Restaurant Review

Martino’s Cuban Restaurant

On weekends, Martino Linares Sr. walks jauntily around his self-named establishment checking the tables, wearing his white fedora—bought in Colombia, he’ll tell you—and humming a little ditty. Martino’s is simple in the extreme, with just a few posters on the walls. The loud, pulsating Latin music isn’t exactly conducive to conversation. Here, you order, eat, and leave. One reason Martino’s doesn’t earn a higher rating is that many of the dishes taste similar and lack the depth of flavor you would expect from a good Cuban restaurant.

The Cuban food here is homey and simple rather than subtle and innovative, but the first appetizers we taste are a revelation. Crisp little cups of green plantains stuffed with a well-flavored Cuban meat sauce and the crisp pieces of bacon strips with fried yuca are absolutely delicious. Fried green plantains with slices of grilled Spanish sausage tossed with onions, sweet pepper strips, and lemon juice are also excellent. But the Cuban empanadas are doughy and have a dry filling, and the ham croquettes are mushy and lack ham flavor. I prefer the Puerto Rican pasteles (meat turnovers), filled with slightly ground beef and spices, to the mushy Cuban corn tamales with shredded pork and a garlic-tomato sauce.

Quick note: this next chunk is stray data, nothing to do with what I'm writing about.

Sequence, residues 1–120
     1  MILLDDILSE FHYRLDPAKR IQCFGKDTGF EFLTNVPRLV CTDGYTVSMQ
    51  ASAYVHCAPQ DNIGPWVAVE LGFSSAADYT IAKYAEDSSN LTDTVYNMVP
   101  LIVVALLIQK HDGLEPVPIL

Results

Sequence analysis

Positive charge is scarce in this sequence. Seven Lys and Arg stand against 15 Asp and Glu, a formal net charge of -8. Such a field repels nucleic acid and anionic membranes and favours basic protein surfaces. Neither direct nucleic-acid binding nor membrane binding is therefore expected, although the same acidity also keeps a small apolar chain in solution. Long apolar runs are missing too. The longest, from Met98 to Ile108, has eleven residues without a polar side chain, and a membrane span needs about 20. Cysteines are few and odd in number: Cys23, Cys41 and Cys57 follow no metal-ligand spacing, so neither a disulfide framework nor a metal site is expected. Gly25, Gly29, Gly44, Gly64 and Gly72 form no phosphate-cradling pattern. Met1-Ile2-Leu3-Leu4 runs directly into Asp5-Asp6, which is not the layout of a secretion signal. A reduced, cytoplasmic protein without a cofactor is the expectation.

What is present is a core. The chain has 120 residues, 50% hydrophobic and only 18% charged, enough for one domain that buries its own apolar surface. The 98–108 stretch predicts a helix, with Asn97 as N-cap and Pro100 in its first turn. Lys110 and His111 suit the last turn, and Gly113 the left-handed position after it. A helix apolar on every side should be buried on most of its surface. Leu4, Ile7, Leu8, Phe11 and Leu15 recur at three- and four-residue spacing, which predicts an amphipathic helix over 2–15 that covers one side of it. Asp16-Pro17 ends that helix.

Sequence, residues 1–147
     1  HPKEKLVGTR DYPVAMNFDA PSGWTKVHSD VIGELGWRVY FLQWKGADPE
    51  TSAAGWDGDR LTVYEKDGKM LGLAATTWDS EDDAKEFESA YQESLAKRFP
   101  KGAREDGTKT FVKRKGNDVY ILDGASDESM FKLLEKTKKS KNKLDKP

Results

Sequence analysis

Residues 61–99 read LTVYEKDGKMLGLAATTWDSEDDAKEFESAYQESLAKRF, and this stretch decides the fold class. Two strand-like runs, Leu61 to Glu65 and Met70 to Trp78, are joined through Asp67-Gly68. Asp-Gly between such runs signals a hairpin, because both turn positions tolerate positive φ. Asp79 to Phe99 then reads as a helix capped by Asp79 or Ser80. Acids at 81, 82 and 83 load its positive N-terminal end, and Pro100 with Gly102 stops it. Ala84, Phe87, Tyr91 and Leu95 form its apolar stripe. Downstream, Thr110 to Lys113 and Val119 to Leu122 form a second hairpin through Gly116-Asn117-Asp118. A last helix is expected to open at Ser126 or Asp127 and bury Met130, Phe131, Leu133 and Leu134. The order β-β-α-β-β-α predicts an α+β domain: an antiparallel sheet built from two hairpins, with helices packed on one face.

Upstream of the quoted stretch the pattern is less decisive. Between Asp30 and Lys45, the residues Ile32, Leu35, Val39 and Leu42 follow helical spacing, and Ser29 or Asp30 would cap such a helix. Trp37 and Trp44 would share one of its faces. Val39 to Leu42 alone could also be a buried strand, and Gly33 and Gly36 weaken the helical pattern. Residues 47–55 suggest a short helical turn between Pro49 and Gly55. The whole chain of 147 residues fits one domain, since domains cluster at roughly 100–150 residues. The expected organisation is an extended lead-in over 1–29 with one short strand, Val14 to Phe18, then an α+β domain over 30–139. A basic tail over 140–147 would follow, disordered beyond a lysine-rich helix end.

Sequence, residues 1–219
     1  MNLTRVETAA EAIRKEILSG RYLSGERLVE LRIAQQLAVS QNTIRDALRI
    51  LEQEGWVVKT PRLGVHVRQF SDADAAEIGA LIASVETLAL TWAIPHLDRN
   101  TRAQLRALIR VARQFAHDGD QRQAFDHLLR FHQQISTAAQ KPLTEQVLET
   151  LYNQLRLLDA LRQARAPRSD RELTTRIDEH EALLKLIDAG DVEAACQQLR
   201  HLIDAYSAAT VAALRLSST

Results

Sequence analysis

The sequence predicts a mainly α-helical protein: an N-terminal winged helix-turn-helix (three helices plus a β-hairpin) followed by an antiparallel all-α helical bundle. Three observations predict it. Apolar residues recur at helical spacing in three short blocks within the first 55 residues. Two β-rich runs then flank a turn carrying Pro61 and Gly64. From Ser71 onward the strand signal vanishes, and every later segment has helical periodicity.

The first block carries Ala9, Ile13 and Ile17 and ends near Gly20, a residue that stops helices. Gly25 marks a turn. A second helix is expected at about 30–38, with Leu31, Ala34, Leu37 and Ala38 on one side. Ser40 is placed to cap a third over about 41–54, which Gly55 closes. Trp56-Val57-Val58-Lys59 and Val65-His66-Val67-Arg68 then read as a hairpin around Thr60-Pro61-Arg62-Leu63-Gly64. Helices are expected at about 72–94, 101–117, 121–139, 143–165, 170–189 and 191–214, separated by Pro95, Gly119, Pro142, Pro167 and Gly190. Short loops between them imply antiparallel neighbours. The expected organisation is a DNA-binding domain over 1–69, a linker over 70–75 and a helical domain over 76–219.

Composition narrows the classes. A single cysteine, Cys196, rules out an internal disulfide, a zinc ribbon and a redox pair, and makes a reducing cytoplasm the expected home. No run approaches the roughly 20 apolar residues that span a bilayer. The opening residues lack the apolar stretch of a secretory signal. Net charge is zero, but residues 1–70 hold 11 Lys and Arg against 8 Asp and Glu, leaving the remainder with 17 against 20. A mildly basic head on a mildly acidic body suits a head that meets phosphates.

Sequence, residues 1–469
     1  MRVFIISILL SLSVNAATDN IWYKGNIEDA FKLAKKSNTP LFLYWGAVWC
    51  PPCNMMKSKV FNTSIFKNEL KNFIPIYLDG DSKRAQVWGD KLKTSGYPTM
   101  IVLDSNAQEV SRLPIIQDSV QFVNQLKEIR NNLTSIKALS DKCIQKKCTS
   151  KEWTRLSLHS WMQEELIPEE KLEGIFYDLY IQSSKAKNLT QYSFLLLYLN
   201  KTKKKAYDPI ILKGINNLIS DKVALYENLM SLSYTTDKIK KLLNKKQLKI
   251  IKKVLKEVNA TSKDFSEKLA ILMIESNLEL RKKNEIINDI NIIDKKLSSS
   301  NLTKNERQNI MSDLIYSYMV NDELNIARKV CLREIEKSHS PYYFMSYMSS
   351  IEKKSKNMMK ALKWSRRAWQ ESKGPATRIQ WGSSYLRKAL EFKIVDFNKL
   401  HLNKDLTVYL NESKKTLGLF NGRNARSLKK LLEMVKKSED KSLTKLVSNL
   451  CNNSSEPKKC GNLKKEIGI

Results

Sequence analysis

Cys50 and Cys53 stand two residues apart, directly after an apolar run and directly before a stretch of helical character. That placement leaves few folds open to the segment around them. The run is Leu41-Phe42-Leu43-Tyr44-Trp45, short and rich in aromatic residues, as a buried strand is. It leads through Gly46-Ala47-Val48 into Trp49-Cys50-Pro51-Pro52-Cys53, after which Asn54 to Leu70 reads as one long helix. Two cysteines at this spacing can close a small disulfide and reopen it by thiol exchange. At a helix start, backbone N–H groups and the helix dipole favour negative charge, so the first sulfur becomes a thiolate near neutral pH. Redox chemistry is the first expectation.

Of the main courses, the spicy stuffed chicken—a boneless leg stuffed with jalapeños, peppers, onions, and cilantro in a light-brown garlic-tomato sauce—is excellent, the flavors perfect together. Roasted pork chunks with jalapeños, onions, sweet plantains, apples, tomato, and cilantro in a light tomato sauce (Cuban-style pork mole) is earthy and satisfying. The ropa vieja, a traditional Cuban shredded-beef dish, is better than versions served elsewhere, owing to its tasty, plentiful sauce. Cuban-style steak, sliced thin and topped with grilled onion, raw onions, cilantro, and lemon juice, has a fresh, sprightly taste. The ground beef Cuban-style, a mixture of sautéed ground beef with onions, garlic, pepper, tomato, green olives, cilantro, and capers in tomato sauce topped with a fried egg, is also quite good. So is the deep-fried whole sea bass with fra diabolo sauce, although you might want to ask that the fish’s head be removed before serving. All main courses are served with rice, black beans, and sweet plantains.

There are only two desserts: a rather heavy flan and a three-milk cake—a square of white cake topped with frosting and soaked in evaporated milk, condensed milk, and half-and-half—a surprisingly popular concoction at our table.

Reviewed October, 2005.